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The Guardian - UK
The Guardian - UK
Helena Horton Environment reporter

Forest bathing garden wins Chelsea flower show top prize

Ula Maria stands in her garden
Ula Maria in her award-winning garden, which was inspired by the Japanese art of shinrin-yoku (forest bathing). Photograph: Victoria Jones/PA

A garden demonstrating the joys of forest bathing has won best in show at the Chelsea flower show.

Designed by the first-time exhibitor Ula Maria, the garden was inspired by the ancient Japanese practice of shinrin-yoku, which means being calm and quiet among trees, breathing deeply and observing nature.

She was inspired by a birch grove, and filled her space with dappled light and the sound of water, bringing in more than 40 trees and running a water rill through the middle. Banks of woodland flowers and grasses included foxgloves, cranesbill geraniums, snowy woodrush and wild strawberries.

Maria, who designed the garden for the charity Muscular Dystrophy UK, aimed to demonstrate how immersion in nature could boost the mental health of people with the disease.

She spoke to patients about what they would like in the garden, and many said visiting woodlands was difficult as few were wheelchair accessible. So Maria created a garden with wide and easily accessible paths that allow people to get closer to the trees.

The garden is the latest in a series of natural designs to win at Chelsea flower show, which is held in the Royal hospital gardens in south-west London. In 2022, a rewilding garden inspired by a beaver pond won best in show.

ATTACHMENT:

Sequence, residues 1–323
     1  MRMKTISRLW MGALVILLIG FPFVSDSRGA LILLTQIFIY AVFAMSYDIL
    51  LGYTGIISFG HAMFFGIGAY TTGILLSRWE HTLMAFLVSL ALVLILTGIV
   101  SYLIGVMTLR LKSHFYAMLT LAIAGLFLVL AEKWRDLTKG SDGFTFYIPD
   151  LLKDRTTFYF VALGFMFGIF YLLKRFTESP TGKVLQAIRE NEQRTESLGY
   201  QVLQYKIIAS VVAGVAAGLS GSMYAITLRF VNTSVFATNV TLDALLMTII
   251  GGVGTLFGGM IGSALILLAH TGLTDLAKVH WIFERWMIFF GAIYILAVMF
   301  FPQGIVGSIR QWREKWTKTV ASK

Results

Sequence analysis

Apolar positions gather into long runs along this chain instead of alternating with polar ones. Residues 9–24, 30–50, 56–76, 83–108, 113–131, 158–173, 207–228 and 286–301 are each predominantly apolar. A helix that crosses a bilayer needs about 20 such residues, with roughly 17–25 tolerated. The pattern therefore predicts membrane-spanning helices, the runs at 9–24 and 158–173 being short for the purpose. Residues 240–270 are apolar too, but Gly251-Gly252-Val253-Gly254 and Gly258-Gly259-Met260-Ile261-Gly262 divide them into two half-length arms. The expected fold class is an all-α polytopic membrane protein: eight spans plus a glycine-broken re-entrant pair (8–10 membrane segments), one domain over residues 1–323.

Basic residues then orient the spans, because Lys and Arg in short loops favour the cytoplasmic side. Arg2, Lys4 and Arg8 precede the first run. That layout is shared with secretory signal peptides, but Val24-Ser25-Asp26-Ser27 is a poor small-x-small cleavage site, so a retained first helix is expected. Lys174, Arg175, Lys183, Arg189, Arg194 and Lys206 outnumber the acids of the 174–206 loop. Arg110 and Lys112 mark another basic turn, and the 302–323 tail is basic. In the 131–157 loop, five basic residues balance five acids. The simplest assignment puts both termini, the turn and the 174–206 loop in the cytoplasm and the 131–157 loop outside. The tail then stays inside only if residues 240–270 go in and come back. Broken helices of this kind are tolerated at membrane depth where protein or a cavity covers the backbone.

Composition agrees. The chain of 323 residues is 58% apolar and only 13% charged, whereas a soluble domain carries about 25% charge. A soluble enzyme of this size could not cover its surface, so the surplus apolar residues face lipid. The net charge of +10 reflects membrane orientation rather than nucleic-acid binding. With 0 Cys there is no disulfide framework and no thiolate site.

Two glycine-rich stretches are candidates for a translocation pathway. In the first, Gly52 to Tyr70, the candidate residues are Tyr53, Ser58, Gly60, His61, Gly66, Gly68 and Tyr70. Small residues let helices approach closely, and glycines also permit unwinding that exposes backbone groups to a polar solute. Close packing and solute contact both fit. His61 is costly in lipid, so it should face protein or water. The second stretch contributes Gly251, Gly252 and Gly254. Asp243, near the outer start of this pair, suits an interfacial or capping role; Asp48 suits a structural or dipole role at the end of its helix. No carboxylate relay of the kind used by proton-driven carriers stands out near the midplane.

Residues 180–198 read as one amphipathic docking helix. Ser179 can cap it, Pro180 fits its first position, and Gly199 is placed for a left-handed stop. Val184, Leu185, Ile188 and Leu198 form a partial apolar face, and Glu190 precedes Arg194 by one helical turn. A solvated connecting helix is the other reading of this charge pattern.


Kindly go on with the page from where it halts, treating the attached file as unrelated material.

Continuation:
Maria, who was slightly overwhelmed by winning, said: “It’s incredible, I can’t believe it, it’s amazing. I’m so proud!”

The RHS chair of show garden judges, Liz Nicholson, said: “This has been one of the toughest years to judge, with exemplary designs and much to enjoy in design detailing. There are some fantastic narratives and storytelling among the gardens.

“Ula’s design is a wonderful slice of forest edge brought to the heart of the RHS Chelsea show ground. It is immersive, relaxing and calming. Its use of flint, which is a difficult material to work with, is notable, creating possibly the biggest insect habitat I’ve ever seen. Coupled with faultless planting to make an innovative, artistic and precise garden, it is a clear winner.”

This year children presented an award for the first time, giving one to the garden in which they would most like to play.

Groups of giggling and chatting primary school pupils were roving the show, trying out the gardens and surveying the flowers as they decided on their favourite.

In the end, the inaugural RHS children’s choice award was presented to Anne-Marie Powell for the Octavia Hill garden by Blue Diamond with The National Trust.

A junior judge from Christ Church school in London, said: “I love how certain areas provide more shade than others, and you can obviously see that the planting has attracted a lot of wildlife. Just looking you can see all the bees and the bugs everywhere.”

Another added: “The planting is on point – it looks like they spent a lot of time on it.”

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